Canada Launches $6 Billion Housing and Infrastructure Fund

The Canadian government announced a new $6 billion Canada Housing Infrastructure Fund, an initiative to bolster residential property construction and upgrade vital components necessary to build new homes.

According to the Prime Minister’s Office (PMO), the fund will dedicate $1 billion for so-called urgent infrastructure needs, such as upgrading solid waste, stormwater, and wastewater infrastructure. The $5 billion leftover will be allocated to provinces and territories as part of agreements that have yet to be negotiated.

The fund will dedicate $1 billion for urgent infrastructure needs, like upgrading solid waste, stormwater and wastewater infrastructure. The remaining $5 billion will go to provinces and territories.

For now, the proposal for the Housing and Infrastructure Fund would see Ottawa mandate provincial and territorial jurisdictions to agree to various provisions before they can touch the public money. Provinces will have until January 1, 2025, to reach an arrangement with the federal government, and territories will have until April 1, 2025.

One component of the Housing and Infrastructure Fund is to encourage provinces to install a three-year freeze on boosting development fees for cities with populations greater than 300,000. The announcement also pushes municipalities to permit more “missing middle” home construction, such as duplexes, triplexes and townhomes. Additionally, the multi-billion-dollar program tells provinces and territories to permit pre-qualified construction so developments can emulate current building and zoning approvals.

This comes as Ottawa has already signed nearly 200 agreements to speed up the construction of a quarter-million new homes. The PMO estimates that the extra funding will ensure approximately 12,000 new homes are built over the next three years.

" This is how we’ll address the shortage of housing options for Canadians. And this is how we’ll make it fairer for younger generations, who feel like they’re falling behind because housing costs are too high.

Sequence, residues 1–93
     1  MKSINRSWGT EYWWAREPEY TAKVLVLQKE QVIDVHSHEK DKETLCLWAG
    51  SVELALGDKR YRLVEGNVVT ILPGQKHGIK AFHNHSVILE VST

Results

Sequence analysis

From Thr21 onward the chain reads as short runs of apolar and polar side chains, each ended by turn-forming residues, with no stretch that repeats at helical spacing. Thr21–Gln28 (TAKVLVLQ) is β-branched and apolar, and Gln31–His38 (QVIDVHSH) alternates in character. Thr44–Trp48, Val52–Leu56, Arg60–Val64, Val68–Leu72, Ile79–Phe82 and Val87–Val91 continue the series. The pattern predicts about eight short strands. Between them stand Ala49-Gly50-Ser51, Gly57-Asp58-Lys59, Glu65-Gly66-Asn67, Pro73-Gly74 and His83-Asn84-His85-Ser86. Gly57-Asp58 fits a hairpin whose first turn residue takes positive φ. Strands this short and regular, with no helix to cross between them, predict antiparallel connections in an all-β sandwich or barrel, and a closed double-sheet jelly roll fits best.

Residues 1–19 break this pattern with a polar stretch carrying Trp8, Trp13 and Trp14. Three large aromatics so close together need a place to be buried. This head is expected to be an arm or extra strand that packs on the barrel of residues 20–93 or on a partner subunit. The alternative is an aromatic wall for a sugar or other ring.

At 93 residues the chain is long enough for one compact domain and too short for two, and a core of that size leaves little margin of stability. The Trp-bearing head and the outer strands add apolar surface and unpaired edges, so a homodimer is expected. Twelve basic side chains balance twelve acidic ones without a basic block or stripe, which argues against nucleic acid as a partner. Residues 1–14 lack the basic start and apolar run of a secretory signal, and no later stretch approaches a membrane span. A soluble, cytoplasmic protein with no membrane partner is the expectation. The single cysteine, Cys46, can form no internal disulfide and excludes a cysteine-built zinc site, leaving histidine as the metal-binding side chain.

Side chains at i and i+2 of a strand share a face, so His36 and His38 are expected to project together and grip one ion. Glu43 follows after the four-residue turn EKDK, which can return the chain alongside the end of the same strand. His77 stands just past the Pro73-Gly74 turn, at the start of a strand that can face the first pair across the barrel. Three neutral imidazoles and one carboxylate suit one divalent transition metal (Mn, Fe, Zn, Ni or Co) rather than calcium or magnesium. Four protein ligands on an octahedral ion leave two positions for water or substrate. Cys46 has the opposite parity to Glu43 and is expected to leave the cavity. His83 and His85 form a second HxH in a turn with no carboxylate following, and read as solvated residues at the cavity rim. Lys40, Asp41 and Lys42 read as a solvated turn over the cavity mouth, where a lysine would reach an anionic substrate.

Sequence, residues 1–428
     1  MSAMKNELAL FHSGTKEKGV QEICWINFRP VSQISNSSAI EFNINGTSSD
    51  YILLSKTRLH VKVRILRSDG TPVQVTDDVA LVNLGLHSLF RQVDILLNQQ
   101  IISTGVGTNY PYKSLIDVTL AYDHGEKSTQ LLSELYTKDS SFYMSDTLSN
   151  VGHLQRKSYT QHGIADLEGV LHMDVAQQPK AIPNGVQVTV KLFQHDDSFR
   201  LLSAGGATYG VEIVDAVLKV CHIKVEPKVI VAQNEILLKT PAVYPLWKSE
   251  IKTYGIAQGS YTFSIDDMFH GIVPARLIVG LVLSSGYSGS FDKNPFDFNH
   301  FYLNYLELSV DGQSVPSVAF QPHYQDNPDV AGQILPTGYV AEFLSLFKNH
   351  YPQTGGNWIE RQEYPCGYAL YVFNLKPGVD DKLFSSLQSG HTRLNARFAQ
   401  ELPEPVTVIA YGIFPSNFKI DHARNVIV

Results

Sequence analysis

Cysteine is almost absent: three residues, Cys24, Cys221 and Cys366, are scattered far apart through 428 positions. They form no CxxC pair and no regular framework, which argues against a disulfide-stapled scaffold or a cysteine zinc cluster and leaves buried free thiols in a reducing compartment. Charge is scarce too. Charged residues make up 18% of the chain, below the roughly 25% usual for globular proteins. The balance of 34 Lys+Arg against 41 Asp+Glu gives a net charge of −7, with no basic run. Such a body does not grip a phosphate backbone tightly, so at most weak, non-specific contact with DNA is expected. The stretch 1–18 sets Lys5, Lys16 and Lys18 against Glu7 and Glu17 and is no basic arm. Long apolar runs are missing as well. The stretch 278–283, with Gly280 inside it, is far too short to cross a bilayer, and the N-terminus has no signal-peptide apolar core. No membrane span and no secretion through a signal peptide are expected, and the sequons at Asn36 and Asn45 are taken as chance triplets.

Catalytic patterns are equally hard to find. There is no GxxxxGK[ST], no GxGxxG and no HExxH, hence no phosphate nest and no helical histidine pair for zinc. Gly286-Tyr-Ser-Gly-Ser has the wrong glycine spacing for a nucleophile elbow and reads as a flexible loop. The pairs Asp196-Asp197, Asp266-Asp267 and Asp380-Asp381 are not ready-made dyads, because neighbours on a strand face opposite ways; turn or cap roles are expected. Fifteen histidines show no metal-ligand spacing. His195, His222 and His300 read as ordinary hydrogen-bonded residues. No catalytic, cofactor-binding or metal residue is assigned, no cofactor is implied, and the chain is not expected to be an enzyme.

Prime Minister Justin Trudeau

“We’re making a lot of progress cutting red tape to fast-track the construction of hundreds of thousands of homes, but we want to go even faster. We’re there to work to encourage provinces and municipalities to be as ambitious as possible,” the prime minister added.

Fraser highlighted in a press briefing that $1 billion will be transferred to “shovel-ready projects that are ready to go and that money will flow immediately. “When it comes to the additional $5 billion, that is going to be spread out over a longer period of time, and the exact flow of money will be subject to negotiations with our provincial and territorial partners.”

According to Fraser, the federal government also intends to release a three-pillar plan to address the country’s affordability crisis. The plan will include building more homes, supporting the most vulnerable members of society, and ensuring it is easier to purchase or rent a home, he noted.

The Canada Mortgage and Housing Corporation (CMHC) projected last fall that about 3.5 million new housing units will need to be built nationwide by 2030 to restore housing affordability.

As for how this will be funded, the prime minister confirmed that the total cost will be outlined in the federal budget, scheduled to be released on April 16.

Provincial Pushback

Several provinces have already pushed back against the housing plan.

According to The Globe and Mail, New Brunswick Premier Blaine Higgs told reporters that he was unsurprised that the federal government inserted a series of provisions and “all kinds of conditions” on the Housing and Infrastructure Fund.

“It’s unfortunate for them right out front to put a condition where if you don’t agree, we will go directly to the municipalities,” he said. “I think that’s kind of unfair statement.”

The Quebec government dismissed the proposal, arguing that Prime Minister Trudeau and his cabinet should tackle issues that affect the Canadian real estate market within the federal government’s purview.

“We could never accept that the federal government interfere in our areas of jurisdiction while urgent issues under its responsibility are not taken care of,” said the statement issued by ministers Jean François Roberge and France-Élaine Duranceau.

A spokesperson for the Saskatchewan government explained that multiplexes work in major urban centres, such as Toronto and Vancouver, but they would not be a priority in the provincial prairie.

However, British Columbia Premier David Eby thinks the federal housing announcement aligns with the province’s plan. “We think it’s critically important to tie infrastructure funding to a clear commitment to build housing, to respond to the needs of the people of British Columbia,” he told a news conference.

State of Canada’s Housing Market

Over the last four years, housing affordability has become a national issue rather than a regional one. According to the Canadian Real Estate Association (CREA), the average price of a home sold in February was about $686,000, up roughly 37 per cent from before the pandemic. A blend of a lack of inventory, sky-high mortgage interest rates, and ballooning construction costs have impacted the country’s housing industry. This has resulted in more people being unable to access the housing market.

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